We live in a communications-saturated world where 24-hour news coverage, access to the internet and the use of social media have become the norm for millions of people. Global events are instantly reported by the news media, analysed and interpreted by them and millions of ordinary citizens. These developments challenge the traditionally secretive practices of international diplomacy and the ability of governments to control information whilst also creating powerful new tools for propaganda; they enhance the importance of cultural or ‘soft’ power in international relations and they have also transformed the nature of warfare.
This course is run by the Department of History, Politics and Philosophy in conjunction with the Department of Information and Communication.
Features and benefits of the course
The chance to develop a sophisticated understanding of contemporary international relations and key developments in ICTs and of the interaction between the two.
The opportunity to develop a wide range of analytical and work-related skills such as oral and group presentations, report and policy-paper writing.
Individual support available throughout the course.
Recent dissertation topics have included:
•Social media and the Israeli-Palestinian Conflict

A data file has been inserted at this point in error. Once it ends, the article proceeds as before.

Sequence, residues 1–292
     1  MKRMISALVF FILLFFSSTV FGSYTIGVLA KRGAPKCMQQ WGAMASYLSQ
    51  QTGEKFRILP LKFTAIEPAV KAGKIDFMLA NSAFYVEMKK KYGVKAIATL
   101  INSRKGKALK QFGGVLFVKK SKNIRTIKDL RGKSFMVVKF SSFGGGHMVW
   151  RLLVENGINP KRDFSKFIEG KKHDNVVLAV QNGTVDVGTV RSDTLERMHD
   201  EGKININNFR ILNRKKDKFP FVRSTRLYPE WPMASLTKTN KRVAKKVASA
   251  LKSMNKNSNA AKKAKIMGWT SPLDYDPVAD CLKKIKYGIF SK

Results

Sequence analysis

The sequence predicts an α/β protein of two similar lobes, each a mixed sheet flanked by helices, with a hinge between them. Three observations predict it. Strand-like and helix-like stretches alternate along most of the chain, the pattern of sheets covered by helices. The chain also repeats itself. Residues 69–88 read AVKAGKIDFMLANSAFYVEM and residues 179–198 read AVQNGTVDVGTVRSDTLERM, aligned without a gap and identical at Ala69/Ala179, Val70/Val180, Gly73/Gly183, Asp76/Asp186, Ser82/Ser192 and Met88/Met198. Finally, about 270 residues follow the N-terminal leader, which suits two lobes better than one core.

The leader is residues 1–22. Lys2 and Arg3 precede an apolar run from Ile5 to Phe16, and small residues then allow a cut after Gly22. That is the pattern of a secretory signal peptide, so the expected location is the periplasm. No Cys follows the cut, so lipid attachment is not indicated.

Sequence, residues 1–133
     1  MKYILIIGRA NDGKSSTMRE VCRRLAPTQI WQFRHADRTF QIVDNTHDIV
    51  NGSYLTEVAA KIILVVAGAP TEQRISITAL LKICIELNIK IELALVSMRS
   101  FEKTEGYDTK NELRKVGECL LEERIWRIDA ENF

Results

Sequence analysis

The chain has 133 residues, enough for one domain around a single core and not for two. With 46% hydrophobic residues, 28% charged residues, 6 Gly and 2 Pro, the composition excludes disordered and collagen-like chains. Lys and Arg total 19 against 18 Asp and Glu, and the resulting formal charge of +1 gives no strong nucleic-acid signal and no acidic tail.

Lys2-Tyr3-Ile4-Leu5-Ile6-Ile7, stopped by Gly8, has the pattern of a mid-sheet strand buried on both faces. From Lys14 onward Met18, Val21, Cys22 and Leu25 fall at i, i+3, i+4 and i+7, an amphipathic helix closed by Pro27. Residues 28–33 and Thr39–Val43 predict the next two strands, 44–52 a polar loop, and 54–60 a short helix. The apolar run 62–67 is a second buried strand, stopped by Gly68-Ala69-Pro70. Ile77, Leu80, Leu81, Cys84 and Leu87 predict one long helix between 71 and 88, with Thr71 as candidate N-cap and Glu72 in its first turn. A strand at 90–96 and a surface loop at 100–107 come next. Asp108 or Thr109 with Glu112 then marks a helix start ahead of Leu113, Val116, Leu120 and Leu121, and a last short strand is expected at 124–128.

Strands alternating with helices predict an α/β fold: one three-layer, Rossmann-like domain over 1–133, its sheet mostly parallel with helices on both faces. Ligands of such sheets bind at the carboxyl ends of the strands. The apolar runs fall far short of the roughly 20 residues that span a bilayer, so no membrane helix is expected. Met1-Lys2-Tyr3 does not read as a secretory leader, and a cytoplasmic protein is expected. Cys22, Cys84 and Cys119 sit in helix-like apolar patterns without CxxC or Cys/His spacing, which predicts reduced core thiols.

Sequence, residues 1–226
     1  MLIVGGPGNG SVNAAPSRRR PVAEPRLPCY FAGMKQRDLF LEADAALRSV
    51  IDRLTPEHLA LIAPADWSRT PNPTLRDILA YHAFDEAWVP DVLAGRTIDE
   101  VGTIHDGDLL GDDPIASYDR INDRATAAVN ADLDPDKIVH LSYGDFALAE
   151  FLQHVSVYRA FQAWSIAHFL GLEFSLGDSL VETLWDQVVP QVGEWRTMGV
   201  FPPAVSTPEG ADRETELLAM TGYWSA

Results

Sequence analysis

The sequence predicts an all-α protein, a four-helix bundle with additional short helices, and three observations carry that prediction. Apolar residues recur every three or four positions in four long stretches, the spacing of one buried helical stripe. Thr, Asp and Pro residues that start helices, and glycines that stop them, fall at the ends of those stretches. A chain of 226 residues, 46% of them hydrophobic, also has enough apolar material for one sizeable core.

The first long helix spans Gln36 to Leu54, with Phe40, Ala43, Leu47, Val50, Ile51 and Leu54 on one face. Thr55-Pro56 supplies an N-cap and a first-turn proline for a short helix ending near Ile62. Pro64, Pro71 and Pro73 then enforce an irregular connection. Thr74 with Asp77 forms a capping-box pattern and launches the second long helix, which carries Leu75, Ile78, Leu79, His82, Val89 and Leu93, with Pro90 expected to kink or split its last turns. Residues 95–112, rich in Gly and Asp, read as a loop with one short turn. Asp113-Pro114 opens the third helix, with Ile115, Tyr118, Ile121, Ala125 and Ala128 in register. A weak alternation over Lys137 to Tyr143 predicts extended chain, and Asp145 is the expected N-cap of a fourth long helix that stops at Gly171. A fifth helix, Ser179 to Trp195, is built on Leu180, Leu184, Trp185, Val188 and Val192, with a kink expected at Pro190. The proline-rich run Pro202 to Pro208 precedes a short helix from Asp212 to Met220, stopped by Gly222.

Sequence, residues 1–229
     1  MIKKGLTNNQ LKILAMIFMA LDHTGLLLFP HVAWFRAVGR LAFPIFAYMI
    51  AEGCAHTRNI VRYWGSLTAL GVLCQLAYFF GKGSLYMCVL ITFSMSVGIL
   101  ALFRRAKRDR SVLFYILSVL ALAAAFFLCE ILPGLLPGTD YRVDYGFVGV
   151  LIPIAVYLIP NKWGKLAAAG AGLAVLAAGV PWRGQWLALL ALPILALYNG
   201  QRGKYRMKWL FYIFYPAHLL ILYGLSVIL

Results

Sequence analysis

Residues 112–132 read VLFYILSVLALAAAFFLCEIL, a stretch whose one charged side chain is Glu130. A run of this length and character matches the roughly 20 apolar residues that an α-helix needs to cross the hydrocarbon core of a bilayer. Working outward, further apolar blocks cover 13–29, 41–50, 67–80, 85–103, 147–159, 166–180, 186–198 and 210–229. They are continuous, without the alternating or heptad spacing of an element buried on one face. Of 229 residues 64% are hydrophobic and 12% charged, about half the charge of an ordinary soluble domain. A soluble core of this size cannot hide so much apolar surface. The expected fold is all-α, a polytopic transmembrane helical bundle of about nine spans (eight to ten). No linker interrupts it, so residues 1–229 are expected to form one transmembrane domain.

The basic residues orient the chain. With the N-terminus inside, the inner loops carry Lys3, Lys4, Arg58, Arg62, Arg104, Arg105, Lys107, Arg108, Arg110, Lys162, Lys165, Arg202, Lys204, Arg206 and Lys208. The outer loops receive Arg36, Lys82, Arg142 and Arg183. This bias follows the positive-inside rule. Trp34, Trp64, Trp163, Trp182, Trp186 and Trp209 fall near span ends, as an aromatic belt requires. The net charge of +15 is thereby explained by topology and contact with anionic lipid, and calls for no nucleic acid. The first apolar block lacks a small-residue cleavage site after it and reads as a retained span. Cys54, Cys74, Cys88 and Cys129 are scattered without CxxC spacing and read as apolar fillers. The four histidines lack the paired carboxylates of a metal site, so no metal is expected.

•UK-EU relations in the Twitter-sphere
•Media discourse on the Ebola Crisis and International Aid in Africa
•Media coverage of the Somalian piracy issue
•US government use of social media against ISIS
You will also have the opportunity to undertake a voluntary placement as part of this course. This will be with a local Non-Governmental Organisation (NGO) and we will help you to arrange this.
About the Course
This programme combines the study of contemporary international relations with that of key developments in global communications and ICTs. In so doing it adds an extra dimension to the study of international relations which provides graduates with deeper insights than those doing traditional MAs in International Relations. We will provide you with the knowledge, methods and techniques to effectively engage with and critically evaluate the interaction between these two areas of study.
Assessment across the programme takes a wide variety of forms including oral presentations, policy papers and reports, group projects, essays and a dissertation.